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Top Ten Ways You Can Control Military Life

I’ve learned many things in my short stint as a mil-spouse. Among them is how to give up planning, or, if not completely give it up, at least plan in pencil. What I’m also realizing, though, is that in military life where much is planned for us and much is out of our control, there are a lot of things I can control. Here’s my list:

I can control my household - In the day to day, and in the long run, if I can keep things organized and running smoothly, I’m more content and my family is happier. This means straightening up my kitchen at night so that I wake up to a clean slate. It also means sitting down with my husband and chronicling all the bills we pay and the important home repair contacts we’ve used. That way, when he leaves next month for pre-deployment training, I can figure out how to pay the mortgage and who to call when our on-again-off again air conditioning unit happens to go “off-again.”

I can control how I talk to my husband - Even though I’m sad that he won’t be able to attend my brother’s wedding because of said pre-deployment training, complaining to him about it doesn’t solve any of our problems. I know when it’s appropriate to let him know I’m upset, but I also know that my tone and my approach are vastly important in the productivity of our conversations.

I can control how I talk about my husband - And how I talk about the military in general. If I stay positive and honest when I’m talking to others about our situation, hopefully it’ll rub off. I’m so proud of the life we live. I also would like my daughter to be the most proud, patriotic, thankful, freedom-loving four month old ever to walk, crawl, lay on the planet. I can do a lot to make that happen (see point 8).

I can control my involvement in military or non-military related activities - Sometimes, I need to attend a good old spouses gathering to be reminded that other people understand. Other times, I’m content to hang out with my non-military affiliated neighbors. There isn’t a requirement for time spent with either, and it doesn’t make me a mis-fit mil-spouse if I choose to pursue relationships with civilian friends or a bad person if I really just want to talk to another Marine’s wife and not my high school friend.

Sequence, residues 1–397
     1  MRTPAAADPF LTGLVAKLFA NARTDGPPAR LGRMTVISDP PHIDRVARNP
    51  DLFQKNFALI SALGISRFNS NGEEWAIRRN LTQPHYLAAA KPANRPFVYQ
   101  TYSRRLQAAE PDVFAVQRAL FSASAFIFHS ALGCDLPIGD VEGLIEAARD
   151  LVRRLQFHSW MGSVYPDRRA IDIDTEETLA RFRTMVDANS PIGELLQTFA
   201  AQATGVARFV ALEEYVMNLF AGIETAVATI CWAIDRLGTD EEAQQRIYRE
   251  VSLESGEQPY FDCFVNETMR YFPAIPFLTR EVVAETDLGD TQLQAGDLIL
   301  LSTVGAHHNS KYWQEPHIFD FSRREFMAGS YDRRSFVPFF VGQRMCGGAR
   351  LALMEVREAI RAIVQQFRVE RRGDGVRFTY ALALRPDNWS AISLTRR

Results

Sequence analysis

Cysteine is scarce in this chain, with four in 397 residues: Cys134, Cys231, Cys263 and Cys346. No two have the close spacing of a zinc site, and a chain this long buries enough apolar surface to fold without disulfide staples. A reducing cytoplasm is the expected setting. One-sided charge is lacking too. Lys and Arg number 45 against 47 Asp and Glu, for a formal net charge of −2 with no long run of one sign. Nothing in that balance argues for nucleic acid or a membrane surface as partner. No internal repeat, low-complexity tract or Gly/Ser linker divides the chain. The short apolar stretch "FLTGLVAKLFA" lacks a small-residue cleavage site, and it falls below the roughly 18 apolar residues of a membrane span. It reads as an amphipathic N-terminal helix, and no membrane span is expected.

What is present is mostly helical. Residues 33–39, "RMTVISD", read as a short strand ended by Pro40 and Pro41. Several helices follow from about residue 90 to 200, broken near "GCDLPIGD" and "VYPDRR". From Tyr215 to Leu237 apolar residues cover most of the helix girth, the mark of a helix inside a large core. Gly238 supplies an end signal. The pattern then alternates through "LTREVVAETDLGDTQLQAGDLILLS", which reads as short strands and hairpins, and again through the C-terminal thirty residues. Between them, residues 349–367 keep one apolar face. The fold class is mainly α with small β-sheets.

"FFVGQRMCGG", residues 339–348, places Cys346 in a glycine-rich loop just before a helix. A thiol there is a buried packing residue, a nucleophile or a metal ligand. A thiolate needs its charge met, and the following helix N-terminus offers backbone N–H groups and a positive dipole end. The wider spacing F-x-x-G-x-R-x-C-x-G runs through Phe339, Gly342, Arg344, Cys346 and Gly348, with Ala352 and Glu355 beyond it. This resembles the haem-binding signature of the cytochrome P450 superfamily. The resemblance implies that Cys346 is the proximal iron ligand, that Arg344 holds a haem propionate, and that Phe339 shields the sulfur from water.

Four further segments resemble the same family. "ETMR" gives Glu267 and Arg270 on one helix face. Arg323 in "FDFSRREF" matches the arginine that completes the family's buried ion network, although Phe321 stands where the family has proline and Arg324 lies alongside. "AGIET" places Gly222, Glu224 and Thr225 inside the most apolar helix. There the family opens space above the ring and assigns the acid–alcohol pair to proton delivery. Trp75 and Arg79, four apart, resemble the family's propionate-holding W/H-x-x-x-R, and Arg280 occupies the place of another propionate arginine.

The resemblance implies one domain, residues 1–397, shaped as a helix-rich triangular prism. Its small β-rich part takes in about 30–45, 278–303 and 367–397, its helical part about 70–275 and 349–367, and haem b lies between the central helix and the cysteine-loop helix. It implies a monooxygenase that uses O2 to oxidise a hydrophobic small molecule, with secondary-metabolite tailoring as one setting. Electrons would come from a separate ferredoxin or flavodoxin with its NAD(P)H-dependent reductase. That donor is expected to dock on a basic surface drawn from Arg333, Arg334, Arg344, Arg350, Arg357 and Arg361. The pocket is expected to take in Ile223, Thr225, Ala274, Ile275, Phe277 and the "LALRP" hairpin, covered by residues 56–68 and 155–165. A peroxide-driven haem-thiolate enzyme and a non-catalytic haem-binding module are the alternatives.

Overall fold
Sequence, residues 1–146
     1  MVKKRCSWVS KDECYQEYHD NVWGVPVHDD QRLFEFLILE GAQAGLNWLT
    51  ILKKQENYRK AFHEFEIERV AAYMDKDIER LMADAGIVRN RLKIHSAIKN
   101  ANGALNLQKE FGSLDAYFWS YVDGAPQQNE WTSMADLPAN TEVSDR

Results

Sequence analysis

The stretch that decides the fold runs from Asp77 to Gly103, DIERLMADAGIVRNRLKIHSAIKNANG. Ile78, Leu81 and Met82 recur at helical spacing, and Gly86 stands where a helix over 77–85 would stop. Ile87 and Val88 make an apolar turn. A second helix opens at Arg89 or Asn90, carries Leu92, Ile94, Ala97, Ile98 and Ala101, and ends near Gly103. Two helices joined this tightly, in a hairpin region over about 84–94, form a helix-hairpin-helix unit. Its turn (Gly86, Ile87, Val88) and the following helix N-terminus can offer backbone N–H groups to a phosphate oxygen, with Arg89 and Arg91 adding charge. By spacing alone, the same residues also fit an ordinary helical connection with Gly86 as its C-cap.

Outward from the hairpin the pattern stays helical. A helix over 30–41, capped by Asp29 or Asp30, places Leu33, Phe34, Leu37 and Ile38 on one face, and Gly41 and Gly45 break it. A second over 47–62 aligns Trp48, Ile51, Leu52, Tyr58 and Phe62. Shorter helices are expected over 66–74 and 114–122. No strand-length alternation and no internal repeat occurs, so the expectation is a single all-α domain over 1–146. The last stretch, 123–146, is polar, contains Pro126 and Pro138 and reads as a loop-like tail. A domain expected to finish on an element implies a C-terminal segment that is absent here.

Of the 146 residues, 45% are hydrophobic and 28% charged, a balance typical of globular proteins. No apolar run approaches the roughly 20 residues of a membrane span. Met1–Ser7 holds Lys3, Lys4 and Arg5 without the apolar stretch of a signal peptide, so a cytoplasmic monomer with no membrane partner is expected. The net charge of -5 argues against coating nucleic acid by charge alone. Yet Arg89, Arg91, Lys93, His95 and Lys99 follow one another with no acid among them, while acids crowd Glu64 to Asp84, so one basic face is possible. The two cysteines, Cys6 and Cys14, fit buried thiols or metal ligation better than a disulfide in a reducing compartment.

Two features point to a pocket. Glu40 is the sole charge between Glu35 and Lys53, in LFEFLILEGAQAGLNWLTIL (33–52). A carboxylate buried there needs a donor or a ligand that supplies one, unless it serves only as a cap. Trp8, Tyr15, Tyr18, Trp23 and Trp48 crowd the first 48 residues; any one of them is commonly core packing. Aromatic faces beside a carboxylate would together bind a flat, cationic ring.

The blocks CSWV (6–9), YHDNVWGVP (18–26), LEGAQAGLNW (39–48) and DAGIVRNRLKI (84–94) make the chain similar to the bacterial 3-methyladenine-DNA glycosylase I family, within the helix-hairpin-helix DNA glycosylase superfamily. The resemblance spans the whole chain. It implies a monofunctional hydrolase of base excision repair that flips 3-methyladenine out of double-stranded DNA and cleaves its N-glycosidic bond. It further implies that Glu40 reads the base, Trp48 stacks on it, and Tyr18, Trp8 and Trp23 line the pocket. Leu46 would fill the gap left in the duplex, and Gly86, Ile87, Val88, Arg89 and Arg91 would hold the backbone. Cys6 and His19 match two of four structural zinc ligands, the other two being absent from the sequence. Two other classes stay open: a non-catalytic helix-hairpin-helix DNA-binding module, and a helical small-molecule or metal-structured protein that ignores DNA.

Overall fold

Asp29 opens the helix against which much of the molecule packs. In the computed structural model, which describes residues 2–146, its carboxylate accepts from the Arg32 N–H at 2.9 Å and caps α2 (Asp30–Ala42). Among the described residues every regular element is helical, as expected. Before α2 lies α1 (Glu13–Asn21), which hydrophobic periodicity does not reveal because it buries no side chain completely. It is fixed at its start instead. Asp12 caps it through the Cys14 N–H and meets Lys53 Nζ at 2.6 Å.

I can control what kind of music I listen to - Hearing American Soldier has the potential to turn me into a weeping mess. So, if it’s not an appropriate time for a weeping mess, I change the channel. Or, if I need a good cry, I sing along.

I can control how many “surprise homecoming” YouTube videos I watch -  Again, these usually make me cry. And/or, they get me thinking too far ahead. They are addicting, and if I watch one, I’m usually stuck at my computer for an hour watching more. There’s a time and a place, and I can control when that is.

I can control my mood - Points 5 and 6 have a direct effect on my mood. Likewise, I know that there are things I need to do to keep myself sane. I need to run or I don’t feel good. I need to write. It helps me process and organize my thoughts. I also need ice cream. Maybe I don’t need it, but it goes a long way in bettering my outlook on life. I know that, so it’s best to always have some on hand.

I can control how we raise our daughter - There are valuable lessons to be learned from the military, and I can mold the perspective our daughter has on the life we live through my example. How I handle challenges and changes will influence her young, impressionable mind.

I can control how we spend our time when my husband is away - I know when we’ll need the support of our family back home. I also know there will be times when I need and want to do things my way and on my own. I get to choose that, and I can control how our time is delegated.

I can control my attitude - This is what it all comes down to for me, always. Happiness, contentedness, peace with one’s place in life...it’s all a choice. Sometimes it seems nearly impossible to be at peace, or content, or happy. And I’ve learned that that’s okay. It’s a product of the ebb and flow of the life we live, and riding it out is sometimes all we can do. But even in little ways, I can control my attitude, and I’ve got to strive to do so.

Agree? Disagree? Have more to add? What are the things you can control?

Leah Dobrinska is the wife of an active duty Marine. She and her husband live with their daughter near MCAS Cherry Point, North Carolina. By day, Leah cherishes every minute of being a stay-at-home mom. By night, she enjoys working as an independent consultant for a marketing agency located in her home state of Wisconsin (Go Badgers!).

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